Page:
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While defending a controversial remark about the real use of gender-neutral bathrooms, the head of the CDU decried the "madness" of cultural sensitivity in kindergarten Carnival parties.
Annegret Kramp-Karrenbauer used her first Ash Wednesday speech as head of the Christian Democratic Union (CDU) to hit back at critics who accused her of ridiculing minorities.
The conservative politician faced a backlash from LGBTI activists and opposition politicians after she mocked the idea of gender-neutral bathrooms during a speech at a Carnival celebration last week.
Addressing supporters in the northern town of Demmin on Wednesday evening, she defended her joke and said she couldn't understand the response it had provoked. The spirit of Carnival, she said, meant "not having to weigh your every word."
"If we're so rigid, as has been the case in the past few days, then a piece of tradition and culture in Germany will be ruined, and we shouldn't allow that," she added. "Right now it's as if we're the tensest people in the world. This cannot go on."
During last week's Carnival gig, Kramp-Karrenbauer said gender-neutral bathrooms were "for the men who can't decide if they want to sit or stand when they pee."
While Kramp-Karrenbauer said the joke was about the relationship between men and women, critics accused her of making fun of toilets for intersex people and then using Carnival's frivolity to cover up her offensive turn of phrase.
"Clumsy jokes against minorities are the last thing that our society needs," said Social Democrat (SPD) Justice Minister Katarina Barley in a speech on Wednesday. "Carnival should take aim at the powerful, at politicians, at companies, at banks but not at those who already have to fight."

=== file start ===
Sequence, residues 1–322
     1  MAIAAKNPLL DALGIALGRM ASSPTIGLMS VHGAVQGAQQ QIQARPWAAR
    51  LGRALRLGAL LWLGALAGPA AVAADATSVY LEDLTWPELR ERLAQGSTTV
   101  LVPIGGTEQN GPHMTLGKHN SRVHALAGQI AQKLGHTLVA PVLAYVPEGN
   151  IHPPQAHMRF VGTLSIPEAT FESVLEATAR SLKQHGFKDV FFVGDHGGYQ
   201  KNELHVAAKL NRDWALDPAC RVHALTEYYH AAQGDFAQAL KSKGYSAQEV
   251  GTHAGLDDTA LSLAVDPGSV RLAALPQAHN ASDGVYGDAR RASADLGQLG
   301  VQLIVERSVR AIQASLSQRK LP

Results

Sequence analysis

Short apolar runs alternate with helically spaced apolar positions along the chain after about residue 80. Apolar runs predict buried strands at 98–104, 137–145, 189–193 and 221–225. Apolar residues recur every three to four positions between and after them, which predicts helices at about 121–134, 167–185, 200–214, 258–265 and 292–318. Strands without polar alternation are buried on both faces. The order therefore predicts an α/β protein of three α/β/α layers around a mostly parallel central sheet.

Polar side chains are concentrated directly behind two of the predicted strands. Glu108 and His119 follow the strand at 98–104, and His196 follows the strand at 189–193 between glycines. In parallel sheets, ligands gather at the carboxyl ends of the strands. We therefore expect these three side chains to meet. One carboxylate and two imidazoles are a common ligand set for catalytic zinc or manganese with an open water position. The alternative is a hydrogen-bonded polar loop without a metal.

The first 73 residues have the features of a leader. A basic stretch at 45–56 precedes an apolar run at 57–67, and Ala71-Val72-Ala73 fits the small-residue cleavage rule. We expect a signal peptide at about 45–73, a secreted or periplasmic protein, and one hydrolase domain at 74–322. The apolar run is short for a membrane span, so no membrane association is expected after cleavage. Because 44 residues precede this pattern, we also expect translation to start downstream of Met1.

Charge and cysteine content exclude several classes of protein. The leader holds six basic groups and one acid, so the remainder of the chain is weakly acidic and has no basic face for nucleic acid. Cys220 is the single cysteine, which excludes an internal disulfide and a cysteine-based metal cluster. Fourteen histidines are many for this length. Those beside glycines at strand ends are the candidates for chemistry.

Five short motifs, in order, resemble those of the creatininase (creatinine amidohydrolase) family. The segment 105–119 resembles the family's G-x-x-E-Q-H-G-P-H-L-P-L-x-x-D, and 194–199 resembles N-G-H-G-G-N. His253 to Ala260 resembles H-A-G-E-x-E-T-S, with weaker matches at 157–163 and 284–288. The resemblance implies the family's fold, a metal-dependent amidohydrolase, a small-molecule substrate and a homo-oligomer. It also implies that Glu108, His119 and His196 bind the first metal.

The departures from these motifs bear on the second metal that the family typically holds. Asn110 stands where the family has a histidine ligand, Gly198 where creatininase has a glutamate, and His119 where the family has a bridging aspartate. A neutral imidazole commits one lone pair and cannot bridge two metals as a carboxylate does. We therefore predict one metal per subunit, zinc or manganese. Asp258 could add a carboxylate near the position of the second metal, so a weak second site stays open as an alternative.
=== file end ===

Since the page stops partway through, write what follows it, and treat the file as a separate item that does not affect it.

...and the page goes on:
Cultural sensitivity 'madness' in kindergarten
Kramp-Karrenbauer also used her speech to criticize a campaign by a Hamburg kindergarten to discourage children from dressing up in what some view as culturally offensive Carnival costumes. The center in question had sent a letter to parents saying costumes of Native Americans, Indians or sheikhs weren't recommended.
The CDU audience applauded when Kramp-Karrenbauer said she wanted a Germany where children could play cowboys and Indians, and "where they're allowed to play with dolls or with Legos or what they want in kindergarten, without you having to tell a 3-year-old that they have to be culturally sensitive. That's the type of madness we're witnessing here."
What else was covered in AKK's speech
It is a 100-year-old tradition for top German politicians from all parties to give colorful speeches and take aim at their rivals on Ash Wednesday.
At the CDU event in Demmin, Kramp-Karrenbauer called on party members to deliver a strong campaign in the leadup to EU parliamentary elections in May.
"This is not a European election like any other," she said. This time around, "it is about the question of whether … what we in Germany and in Europe think is right, and the values we hold dear, still have a role to play in the world."
Referring to the populist, anti-immigrant Alternative for Germany (AfD), she said: "Those who want hate, who want exclusion, who want nationalism, who want Germany to fall out of the EU, can vote for them."
There is some concern among European leaders that populist and eurosceptic parties could make significant gains in the upcoming elections by exploiting issues such as migration and border security.
nm/sms (epd, AFD, dpa)